BRATISLAVA (Reuters) - The prime ministers of four central European countries urged the European Commission on Friday to fight double standards in the quality of food, an issue they see as an example of westerners treating easterners as second-class Europeans.
The four countries - the Czech Republic, Hungary, Poland and Slovakia - have all complained that multinational companies sell poorer-quality food products in their markets, using the same brand and product names as higher-quality products sold in the west.
Those complaints have found some sympathy at the European Union’s executive, which has promised to look into how existing rules are upheld.
That cooperation comes as part of a larger effort to ease EU tensions over migration, free movement of workers and concern that Hungary and Poland are undermining democracy and the rule of law .
The prime ministers and EU commissioners Vera Jourova and Vytenis Andriukaitis pledged at a summit in Bratislava on Friday to ensure consumers throughout the EU are not misled about what they are buying - but without pledging that products would have the same ingredients across the continent.
“When we talk about dual quality of products, people think they did not lose just money, they feel they lost justice,” Hungarian Prime Minister Viktor Orban said in a speech at the summit.
Tests in several eastern EU states proved that some companies use cheaper ingredients, or less of them, in food products and detergents sold in the east compared with the same products sold in adjacent Austria and Germany.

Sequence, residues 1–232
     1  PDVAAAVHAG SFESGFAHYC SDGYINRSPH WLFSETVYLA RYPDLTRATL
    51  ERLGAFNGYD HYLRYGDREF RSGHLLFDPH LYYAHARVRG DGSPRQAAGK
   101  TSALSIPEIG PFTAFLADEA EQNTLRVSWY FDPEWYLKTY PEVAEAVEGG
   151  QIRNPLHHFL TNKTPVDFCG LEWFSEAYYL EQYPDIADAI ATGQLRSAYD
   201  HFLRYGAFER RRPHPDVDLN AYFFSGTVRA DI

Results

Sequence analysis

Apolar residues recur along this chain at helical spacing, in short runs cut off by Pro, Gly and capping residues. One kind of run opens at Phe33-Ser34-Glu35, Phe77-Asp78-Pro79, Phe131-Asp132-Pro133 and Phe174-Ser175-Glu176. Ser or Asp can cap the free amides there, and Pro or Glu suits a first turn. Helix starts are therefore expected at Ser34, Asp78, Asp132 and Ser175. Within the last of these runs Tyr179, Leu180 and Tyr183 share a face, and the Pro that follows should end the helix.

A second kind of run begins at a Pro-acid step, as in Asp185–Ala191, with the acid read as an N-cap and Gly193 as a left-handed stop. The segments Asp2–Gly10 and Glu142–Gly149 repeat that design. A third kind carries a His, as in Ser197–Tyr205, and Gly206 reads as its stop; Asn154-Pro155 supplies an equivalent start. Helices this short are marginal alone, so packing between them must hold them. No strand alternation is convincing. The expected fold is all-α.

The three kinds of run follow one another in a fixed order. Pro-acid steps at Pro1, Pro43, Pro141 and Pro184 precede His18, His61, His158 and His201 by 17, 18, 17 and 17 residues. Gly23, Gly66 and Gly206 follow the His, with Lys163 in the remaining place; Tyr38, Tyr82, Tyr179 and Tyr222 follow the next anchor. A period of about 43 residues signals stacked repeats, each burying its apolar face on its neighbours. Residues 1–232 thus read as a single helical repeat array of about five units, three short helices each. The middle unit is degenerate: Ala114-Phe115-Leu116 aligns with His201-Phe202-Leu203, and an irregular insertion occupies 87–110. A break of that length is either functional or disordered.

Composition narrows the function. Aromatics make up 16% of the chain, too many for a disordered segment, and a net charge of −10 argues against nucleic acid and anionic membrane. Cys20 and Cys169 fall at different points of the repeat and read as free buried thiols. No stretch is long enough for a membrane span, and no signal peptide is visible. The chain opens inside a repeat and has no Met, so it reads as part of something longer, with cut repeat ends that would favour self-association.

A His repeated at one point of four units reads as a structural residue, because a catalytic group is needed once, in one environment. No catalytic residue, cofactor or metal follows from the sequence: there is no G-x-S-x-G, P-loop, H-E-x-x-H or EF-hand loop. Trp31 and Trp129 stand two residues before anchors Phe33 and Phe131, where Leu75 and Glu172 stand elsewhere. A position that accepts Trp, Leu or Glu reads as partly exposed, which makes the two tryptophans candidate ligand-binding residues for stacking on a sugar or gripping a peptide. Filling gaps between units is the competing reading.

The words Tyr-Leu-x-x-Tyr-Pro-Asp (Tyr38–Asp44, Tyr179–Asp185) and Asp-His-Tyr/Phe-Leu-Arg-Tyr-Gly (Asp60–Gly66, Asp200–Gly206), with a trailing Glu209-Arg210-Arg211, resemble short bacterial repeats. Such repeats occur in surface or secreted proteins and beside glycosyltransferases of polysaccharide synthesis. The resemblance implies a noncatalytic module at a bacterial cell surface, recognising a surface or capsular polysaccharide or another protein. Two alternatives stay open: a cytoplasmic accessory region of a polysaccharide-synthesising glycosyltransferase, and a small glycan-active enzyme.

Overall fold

Central and eastern political leaders say it is unethical and warn it could worsen their already rising euro-skepticism.
Slovakian Prime Minister Robert Fico, who said earlier Slovakia wants to be a part of EU’s deeply integrated core, said it was unacceptable to divide Europeans into first- and second-class citizens.
The summit was attended by lower-ranking officials from western Europe, in contrast to prime ministers and ministers from farther east.
The western representatives backed corporate arguments that mandatory unification of products across EU would violate the principles of free market and competition, according to a source who was the meeting.
The EU executive said last month existing EU law bars “marketing of identically branded products in a way that has a potential to mislead consumers”.
It also promised to provide financing to improve research on food comparison and enforcement of the rules.
Some companies, including Bahlsen and PepsiPEP.N, have reacted to criticism by changing their products so they have same ingredients across Europe.
Germany’s Dr Oetker has put a label that says “special edition” on its pizza sold in east Europe that has five pieces of mozzarella compared to seven pieces on the Austrian version. But the central Europeans are asking for more.
“The current EU law does not allow for proper prosecution of misleading practice,” said Czech Prime Minister Bohuslav Sobotka. “We need to amend it.”
It is a rare occasion where central Europeans are asking for more power for Brussels. On most other issues, including migration, the four so-called Visegrad countries have called for the opposite - more power for individual member states.
Reporting By Tatiana Jancarikova, editing by Larry King